We shall treat all forecasts in pitch books by startups as guesswork, not analysis.
Latest memo from Howard Marks: Knowledge of the Future
As I showed by using it again in last week’s memo, I was impressed by the observation of Marc Lipsitch, Harvard epidemiologist, that there are (a) facts, (b) informed extrapolations from analogies to other viruses and © opinion or speculation. He said it in connection with the novel coronavirus, but I’ve been thinking about its relevance to investing.
In the past, I’ve defined investing as the act of positioning capital so as to profit from future developments. I’ve also mentioned the challenge presented by the fact that there’s no such thing as knowing what future developments will be. This is the paradox we must deal with.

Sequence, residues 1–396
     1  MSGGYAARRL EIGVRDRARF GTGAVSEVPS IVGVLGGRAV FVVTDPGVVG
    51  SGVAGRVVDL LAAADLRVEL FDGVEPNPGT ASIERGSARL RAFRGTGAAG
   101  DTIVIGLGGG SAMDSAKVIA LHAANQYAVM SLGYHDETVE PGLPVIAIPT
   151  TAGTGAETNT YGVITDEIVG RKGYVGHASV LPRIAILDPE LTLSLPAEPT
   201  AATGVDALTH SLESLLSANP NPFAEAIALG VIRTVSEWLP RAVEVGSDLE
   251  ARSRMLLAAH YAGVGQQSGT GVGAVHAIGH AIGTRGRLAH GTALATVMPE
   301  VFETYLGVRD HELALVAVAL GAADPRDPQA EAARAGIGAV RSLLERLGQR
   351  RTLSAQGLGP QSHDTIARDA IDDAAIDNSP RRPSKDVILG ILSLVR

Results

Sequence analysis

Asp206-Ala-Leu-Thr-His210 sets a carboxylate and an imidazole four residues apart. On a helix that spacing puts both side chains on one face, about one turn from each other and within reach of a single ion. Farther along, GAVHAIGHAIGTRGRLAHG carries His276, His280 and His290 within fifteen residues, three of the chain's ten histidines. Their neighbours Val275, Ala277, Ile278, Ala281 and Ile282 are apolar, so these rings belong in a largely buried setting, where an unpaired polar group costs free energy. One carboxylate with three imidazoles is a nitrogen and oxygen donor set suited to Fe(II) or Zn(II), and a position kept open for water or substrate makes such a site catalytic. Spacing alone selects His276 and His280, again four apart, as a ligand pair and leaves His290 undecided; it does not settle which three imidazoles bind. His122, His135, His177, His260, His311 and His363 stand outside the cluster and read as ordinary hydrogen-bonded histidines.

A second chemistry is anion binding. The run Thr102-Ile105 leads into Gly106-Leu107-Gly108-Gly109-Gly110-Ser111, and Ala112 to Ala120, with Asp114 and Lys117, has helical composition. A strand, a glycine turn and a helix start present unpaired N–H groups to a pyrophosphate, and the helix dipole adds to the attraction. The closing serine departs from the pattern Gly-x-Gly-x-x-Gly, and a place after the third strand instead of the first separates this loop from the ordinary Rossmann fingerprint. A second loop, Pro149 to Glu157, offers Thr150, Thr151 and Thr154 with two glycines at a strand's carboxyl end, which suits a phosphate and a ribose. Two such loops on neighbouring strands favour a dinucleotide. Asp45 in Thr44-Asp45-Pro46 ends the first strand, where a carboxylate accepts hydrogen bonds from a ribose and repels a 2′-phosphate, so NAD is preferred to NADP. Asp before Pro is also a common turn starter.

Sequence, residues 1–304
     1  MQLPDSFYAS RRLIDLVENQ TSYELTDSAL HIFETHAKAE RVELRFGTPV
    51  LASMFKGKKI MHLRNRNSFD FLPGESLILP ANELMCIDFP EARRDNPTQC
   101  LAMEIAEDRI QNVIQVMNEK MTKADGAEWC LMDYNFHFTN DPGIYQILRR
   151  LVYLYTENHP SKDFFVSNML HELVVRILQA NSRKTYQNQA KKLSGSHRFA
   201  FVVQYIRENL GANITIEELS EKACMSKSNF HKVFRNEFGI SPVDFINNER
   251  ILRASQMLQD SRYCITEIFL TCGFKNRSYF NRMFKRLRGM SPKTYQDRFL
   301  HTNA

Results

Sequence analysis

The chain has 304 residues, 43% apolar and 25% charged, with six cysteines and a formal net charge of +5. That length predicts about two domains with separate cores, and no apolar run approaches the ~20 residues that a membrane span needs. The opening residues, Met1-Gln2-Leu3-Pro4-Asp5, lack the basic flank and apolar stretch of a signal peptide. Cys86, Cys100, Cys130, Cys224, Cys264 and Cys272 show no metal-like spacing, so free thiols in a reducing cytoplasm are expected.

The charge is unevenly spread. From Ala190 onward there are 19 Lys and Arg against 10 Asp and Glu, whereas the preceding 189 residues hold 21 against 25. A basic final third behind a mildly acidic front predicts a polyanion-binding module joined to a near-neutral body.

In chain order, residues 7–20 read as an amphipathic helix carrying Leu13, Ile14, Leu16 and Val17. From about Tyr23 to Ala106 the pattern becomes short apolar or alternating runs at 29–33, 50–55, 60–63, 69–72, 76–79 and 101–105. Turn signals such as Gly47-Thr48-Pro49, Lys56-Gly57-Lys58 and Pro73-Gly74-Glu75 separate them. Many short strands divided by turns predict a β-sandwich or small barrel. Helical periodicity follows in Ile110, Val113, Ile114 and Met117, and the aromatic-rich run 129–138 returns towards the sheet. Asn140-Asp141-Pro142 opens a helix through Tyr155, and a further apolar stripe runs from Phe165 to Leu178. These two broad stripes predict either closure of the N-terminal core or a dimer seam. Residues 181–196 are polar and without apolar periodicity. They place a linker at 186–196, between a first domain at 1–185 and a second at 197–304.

To follow Lipsitch’s analysis, in our world of investing:
- there are few if any facts regarding the future,
- the vast majority of our theorizing about the future consists of extrapolating from past patterns, and
- a lot of that extrapolation – and just about all the rest of our conclusions – consists of what Lipsitch calls opinion or speculation and what I call guesswork. (George Bernard Shaw said, “All professions are conspiracies against the laity.” Thus the rules of the investment profession seem to require that its members describe their views about the future using high-sounding terms like “analysis,” “assessment,” “projection,” “prediction” and “forecast.” Rarely do we see the word “guess.”)